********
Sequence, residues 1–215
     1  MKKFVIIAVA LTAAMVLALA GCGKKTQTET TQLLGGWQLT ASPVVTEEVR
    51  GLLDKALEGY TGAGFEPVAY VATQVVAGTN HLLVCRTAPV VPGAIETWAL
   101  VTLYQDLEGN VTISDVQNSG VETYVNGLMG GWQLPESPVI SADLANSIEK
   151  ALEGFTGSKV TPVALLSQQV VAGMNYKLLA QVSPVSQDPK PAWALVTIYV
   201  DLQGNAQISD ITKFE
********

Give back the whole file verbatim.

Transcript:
Sequence, residues 1–215
     1  MKKFVIIAVA LTAAMVLALA GCGKKTQTET TQLLGGWQLT ASPVVTEEVR
    51  GLLDKALEGY TGAGFEPVAY VATQVVAGTN HLLVCRTAPV VPGAIETWAL
   101  VTLYQDLEGN VTISDVQNSG VETYVNGLMG GWQLPESPVI SADLANSIEK
   151  ALEGFTGSKV TPVALLSQQV VAGMNYKLLA QVSPVSQDPK PAWALVTIYV
   201  DLQGNAQISD ITKFE